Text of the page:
Computer Science

Computing History Displays: Fourth Floor - IBM 360 Model 30

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The model 30, a front-panel of which we have on display, was the "bottom-end" model in the original System/360 announcement. Its designers went to great lengths to minimize the amount of hardware in the processor. Although the System/360 was a 32-bit architecture the Model 30 was an 8-bit design, with 8-bit internal registers, functional units, and data paths. The registers required by the 360 architecture were held in a section of the main memory not addressable by 360 instructions. The machine operated with a clock of 1.3 MHz. The maximum core memory size was 64 Kbytes. Because of the restriction to 8-bits the machine was very slow - 0.3mSec to add. Interestingly, the model-30 processor was similar in power to the single-chip Intel 8080 processor used in the first PCs just 10 years later.


The model 30 was designed so that it could emulate efficiently the very-popular IBM 1401 computer, providing greater performance than the original. Many of the early model-30s were operated as 1401s. The 1401 instruction set architecture was very different from the 360 - memory to memory instructions with variable-length data. The model-30 micro-machine was thus particularly flexible. The micro-storage known as CCROS (card-capacitor read only storage) had 60-bit words. It was a read-only memory constructed as an array with bits represented by capacitors. The capacitors were constructed with one plate on a glass substrate and the other on a special plastic punch card with printed wires. The memory was programmed by punching out the capacitor plates for zeroes, using a standard card punch. Each card held twelve words of 60 bits, running long-ways along the card. There were about 4k words of microcode, or about 340 cards. Being that the read-only memory was very easy to change, there were also research projects to modify the machine for other purposes.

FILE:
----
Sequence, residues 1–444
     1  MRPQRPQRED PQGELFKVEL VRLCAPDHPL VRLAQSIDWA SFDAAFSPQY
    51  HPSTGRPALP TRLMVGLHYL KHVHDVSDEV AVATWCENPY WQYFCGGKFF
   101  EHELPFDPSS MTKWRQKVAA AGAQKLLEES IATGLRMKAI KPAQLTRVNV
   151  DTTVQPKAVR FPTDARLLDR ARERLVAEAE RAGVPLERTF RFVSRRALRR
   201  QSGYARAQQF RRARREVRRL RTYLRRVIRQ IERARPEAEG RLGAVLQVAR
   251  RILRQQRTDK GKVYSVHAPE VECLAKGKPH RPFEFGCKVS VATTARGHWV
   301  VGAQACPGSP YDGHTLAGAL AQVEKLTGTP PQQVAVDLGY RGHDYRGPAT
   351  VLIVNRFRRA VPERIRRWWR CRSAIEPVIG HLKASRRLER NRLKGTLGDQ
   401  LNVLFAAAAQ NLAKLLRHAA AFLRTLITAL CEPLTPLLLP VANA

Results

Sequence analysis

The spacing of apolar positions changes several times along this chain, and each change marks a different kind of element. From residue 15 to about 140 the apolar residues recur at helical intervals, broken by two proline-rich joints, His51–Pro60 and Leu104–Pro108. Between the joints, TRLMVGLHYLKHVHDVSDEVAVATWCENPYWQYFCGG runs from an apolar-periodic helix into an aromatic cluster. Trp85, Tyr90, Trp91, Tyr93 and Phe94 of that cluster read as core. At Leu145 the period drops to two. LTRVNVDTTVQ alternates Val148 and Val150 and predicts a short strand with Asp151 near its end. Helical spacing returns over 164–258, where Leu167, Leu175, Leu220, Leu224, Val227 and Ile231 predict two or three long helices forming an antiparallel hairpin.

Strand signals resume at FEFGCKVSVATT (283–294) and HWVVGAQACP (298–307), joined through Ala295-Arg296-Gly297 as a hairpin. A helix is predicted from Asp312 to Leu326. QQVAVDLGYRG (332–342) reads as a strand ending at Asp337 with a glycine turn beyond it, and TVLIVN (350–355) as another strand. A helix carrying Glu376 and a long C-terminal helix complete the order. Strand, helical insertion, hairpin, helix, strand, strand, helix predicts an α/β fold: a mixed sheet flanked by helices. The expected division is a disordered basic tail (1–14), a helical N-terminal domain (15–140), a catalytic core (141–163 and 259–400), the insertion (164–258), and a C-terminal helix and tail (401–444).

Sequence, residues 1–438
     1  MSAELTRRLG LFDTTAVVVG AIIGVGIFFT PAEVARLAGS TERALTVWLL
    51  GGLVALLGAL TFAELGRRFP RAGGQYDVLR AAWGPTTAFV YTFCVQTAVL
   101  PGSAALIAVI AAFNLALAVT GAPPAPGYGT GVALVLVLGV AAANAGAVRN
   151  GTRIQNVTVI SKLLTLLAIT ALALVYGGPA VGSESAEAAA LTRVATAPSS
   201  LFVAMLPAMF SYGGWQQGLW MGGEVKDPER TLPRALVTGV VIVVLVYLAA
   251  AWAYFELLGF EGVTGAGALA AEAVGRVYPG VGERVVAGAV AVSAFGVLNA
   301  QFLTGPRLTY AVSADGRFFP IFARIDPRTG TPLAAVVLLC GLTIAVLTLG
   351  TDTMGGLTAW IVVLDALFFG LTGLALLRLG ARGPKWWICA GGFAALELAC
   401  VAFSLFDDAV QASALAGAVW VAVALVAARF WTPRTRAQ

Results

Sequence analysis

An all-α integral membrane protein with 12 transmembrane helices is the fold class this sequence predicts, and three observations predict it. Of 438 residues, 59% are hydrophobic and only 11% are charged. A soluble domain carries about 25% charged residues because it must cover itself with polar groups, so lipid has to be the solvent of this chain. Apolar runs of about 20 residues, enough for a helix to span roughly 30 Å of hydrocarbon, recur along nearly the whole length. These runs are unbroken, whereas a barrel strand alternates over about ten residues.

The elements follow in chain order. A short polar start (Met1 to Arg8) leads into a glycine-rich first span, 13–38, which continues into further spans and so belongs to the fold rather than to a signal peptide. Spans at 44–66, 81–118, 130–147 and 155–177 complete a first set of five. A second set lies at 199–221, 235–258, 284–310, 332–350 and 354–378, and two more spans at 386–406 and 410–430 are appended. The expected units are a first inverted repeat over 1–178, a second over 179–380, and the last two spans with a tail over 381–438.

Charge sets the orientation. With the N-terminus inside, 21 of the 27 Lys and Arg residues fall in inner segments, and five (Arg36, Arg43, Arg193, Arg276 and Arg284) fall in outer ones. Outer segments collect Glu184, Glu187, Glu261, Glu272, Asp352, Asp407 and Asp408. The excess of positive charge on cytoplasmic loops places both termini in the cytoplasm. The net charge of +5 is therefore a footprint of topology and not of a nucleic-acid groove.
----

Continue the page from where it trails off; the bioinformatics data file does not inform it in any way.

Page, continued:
A colorful history
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This particular model-30, serial number 536204/5, was leased by DIERCOMP to Drug Houses, Australia and subsequently used by Colgate-Palmolive. At the end of its useful life it was "junked" but not destroyed. A group of Auckland University students in the New Zealand Microcomputer Club found the machine in 1982. One, Lawrence Wilkinson, rented an office in Custom Street, re-installed the computer and eventually managed to get it working. Lawrence's efforts have become an urban legend, described here .

He eventually stopped paying the rent and abandoned the machine where it was. Staff at our Computer Science department heard that the machine was going to finally be destroyed in the mid-90s in preparation for the Britomart development and we saved some of its components at that time.


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